Damper positions for the towers are controlled, according to the air temperature, by a computerised building management system. In winter, minimum fresh air requirements are almost satisfied by dampers to two of the towers, Gas fired boilers supply hydronic under floor heating to the central space, while a radiator system allows individual control in the perimeter rooms. Thermal mass is optimised by the structure of reverse brick veneer externally, 240 brick walls internally, and concrete floors and ceilings. The thermal systems were extensively modelled prior to construction, and, like the shower towers, they are unprecedented in that they are able to be fine tuned post construction.

In designing an environment for learning, Webster-Mannison sought to create a place that is “deliberately exciting” and which “invites students, staff and visitors to access a myriad of learning and teaching resources.” The theatrical focus of the atrium contains a pool table, library stacks, desks for individual study and for communal discussion, with the cohering white noise from the dramatic shower tower stacks. Encircling this space is the sole circulation route — a spiralling ramp winding up past the flexible spaces for various learning environments to the offices. This convergence of the many ways of learning and socialising is both deliberate and successful. Although the architectural plan can be appreciated at a glance, its educational philosophy is groundbreaking. With around 300 regular students from a small range of faculties, the building program is the right size and in the right place for such a simple unifying design.

The design team was not interested in mysteries; rather clarify. Just as it is possible to read the spiralling interior as you approach the building, internally you can clearly see how everything is built and works, Hugging the wall under the spiral ramp are grilles with the wiring services visible beyond. Dedicated horizontal and vertical cable ducts, and floor boxes give flexible access to electrical and data services. Lights, power and data points are positioned to suit four different sub-division layouts. This has no doubt contributed to the building’s economy, which is apparently below the rates for comparative tertiary buildings. The design approach attempts to balance continuity and change with strategically located hardware for new technologies feeding the adaptable learning environments. The detailing of the fluid form has obviously been challenging to resolve, particularly while keeping all the costs down.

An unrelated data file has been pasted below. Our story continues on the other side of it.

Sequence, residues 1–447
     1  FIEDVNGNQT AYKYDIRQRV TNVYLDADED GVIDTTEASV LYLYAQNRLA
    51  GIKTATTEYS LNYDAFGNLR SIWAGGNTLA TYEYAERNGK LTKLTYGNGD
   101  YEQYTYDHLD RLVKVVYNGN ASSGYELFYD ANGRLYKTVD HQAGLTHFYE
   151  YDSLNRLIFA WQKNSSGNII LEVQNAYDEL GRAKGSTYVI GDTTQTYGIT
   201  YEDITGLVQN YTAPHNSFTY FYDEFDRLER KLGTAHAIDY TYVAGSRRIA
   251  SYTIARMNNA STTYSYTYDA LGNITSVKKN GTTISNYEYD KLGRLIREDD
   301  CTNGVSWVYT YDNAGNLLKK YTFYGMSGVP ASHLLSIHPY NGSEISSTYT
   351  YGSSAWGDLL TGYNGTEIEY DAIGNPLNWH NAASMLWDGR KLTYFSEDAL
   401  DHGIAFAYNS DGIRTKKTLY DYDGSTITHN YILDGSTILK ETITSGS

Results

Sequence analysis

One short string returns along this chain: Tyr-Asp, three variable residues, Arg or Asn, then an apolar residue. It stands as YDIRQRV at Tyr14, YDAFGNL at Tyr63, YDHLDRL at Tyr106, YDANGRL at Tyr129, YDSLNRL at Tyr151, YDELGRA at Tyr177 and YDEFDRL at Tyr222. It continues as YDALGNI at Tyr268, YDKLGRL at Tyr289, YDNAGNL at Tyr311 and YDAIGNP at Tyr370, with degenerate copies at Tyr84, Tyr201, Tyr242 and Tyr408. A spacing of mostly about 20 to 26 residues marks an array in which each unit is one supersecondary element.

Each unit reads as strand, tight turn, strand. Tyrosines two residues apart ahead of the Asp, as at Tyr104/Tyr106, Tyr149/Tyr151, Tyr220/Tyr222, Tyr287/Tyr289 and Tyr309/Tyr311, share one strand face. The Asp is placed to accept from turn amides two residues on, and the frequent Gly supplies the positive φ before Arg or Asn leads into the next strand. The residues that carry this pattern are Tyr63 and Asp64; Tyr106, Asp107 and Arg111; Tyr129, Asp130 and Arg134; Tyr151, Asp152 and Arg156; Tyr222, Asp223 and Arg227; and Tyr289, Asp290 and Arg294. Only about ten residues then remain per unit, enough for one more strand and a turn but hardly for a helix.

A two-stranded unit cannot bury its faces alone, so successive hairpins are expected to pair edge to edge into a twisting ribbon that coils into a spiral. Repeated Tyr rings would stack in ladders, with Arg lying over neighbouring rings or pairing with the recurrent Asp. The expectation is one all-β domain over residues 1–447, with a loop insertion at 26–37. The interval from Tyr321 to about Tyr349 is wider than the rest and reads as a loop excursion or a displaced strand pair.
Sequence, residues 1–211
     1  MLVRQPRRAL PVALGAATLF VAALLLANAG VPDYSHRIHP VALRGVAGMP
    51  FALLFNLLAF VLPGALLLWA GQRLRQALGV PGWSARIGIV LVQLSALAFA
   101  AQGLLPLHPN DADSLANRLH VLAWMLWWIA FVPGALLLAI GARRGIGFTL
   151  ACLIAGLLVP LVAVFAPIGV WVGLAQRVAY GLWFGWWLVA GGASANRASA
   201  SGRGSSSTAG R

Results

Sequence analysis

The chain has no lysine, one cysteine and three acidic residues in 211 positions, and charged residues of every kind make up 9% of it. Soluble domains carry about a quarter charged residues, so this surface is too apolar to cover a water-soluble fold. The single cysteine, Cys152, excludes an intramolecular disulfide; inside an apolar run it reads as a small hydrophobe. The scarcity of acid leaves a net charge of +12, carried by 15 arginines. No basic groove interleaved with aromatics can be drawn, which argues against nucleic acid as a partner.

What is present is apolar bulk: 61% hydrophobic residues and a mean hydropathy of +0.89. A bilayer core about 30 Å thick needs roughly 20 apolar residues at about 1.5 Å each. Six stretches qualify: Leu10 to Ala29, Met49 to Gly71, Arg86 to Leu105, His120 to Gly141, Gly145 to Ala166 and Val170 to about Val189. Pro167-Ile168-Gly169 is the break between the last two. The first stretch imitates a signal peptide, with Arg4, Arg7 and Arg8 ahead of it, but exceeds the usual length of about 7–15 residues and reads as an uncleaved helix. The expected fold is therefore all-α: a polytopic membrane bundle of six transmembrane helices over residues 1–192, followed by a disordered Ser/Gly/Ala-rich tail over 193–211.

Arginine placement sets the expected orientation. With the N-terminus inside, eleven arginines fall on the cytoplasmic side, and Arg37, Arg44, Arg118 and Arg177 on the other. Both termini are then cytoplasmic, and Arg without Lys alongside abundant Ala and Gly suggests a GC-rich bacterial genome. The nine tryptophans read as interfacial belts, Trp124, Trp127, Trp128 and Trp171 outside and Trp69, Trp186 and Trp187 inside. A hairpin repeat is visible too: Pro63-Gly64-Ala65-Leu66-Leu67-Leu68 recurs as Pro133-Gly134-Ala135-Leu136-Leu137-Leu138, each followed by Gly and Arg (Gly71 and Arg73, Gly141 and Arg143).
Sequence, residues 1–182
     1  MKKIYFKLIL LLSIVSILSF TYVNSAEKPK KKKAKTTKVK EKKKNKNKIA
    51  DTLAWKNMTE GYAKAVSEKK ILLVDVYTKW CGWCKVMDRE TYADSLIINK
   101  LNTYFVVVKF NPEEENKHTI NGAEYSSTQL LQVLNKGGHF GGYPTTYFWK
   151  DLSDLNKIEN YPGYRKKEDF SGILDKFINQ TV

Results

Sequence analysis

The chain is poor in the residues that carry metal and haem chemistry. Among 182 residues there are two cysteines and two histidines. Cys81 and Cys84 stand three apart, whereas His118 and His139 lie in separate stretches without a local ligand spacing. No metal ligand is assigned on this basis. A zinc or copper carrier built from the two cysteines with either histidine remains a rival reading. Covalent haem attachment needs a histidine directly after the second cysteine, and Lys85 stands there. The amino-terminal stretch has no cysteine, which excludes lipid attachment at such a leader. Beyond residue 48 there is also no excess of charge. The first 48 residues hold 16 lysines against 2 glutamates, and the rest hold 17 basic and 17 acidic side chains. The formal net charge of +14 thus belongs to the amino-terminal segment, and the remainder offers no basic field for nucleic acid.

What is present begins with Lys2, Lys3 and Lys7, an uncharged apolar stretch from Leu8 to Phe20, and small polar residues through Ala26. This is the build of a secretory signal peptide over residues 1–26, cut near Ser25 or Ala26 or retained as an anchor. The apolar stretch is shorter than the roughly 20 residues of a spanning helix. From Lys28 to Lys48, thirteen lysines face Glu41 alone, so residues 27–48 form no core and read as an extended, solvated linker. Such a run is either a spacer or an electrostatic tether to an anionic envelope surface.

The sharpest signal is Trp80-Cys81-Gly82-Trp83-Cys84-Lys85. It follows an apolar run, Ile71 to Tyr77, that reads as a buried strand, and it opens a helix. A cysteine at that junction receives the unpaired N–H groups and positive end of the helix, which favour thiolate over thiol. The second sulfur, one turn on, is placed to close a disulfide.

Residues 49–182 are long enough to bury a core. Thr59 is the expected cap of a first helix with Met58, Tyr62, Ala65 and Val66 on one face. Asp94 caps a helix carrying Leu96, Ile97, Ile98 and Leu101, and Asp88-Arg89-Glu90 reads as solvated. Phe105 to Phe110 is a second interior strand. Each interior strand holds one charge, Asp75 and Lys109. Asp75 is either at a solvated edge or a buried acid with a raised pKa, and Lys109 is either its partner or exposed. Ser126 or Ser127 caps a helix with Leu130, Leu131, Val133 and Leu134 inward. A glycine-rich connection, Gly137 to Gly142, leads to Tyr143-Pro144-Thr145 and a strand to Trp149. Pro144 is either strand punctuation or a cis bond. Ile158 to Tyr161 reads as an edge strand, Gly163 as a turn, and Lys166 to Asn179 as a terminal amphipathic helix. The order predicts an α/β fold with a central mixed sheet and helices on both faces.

The day I visited the site, I was fortunate to see how socially successful this building is. People from the shared common rooms sat on the balcony overlooking the entrance having coffee, and others stopped for brief smiles and chats on the ramp landings. Then, students and lecturers from a variety of faculties poured out of the perimeter rooms and balconies, spiralling down the ramp and in through the perimeter doors. They all gathered in the heart of the building for a particular event, their communal sounds buzzing over the water. Afterwards, the building quite naturally resumed a relaxed calm.

The ILC is a worthy beginning for a new campus, and a benchmark of innovation for regional architecture. It will be particularly interesting to see how Webster-Mannison deals with the formal challenge of extending such an inwardly focused and complete form with the next stages of the project, while maintaining the strategy of fully integrated learning environments and high-level ESD systems.

RELATED ARTICLE: Interactive Learning Centre, Charles Sturt University, Dubbo Campus.

Architect Marci Webster-Mannison in association with CA Walton & Associates–project team Marci Webster-Mannison (design), Clark Walton, Daniel Walton, Craig Rosevear (design development and documentation). Structural, Civil and Hydraulic Consultant ACOR–project team Livio Chiarot, John Karikios, Grant Potter, Sean Dywer. Passive Design, Mechanical Electrical Consultant Advanced Environmental Concepts–project team Che Wall, Chris Arkins, Peter Reedy (Linclone Scott) Lincolne Scott. Landscape Consultant Dubbo City Council, Troy Gully Landcare, Old Ganarrin Garden Centre–project team Ken Rogers, Tim Olsen, Sylvia Besse, Peter Walkom. Quantity Consultant Bruce Davies & Associates. Acoustics Escape Consultants. Builder Rawson Construction–construction manager Bob Chapman.

Ellen Woolley is an architect in private practice in Sydney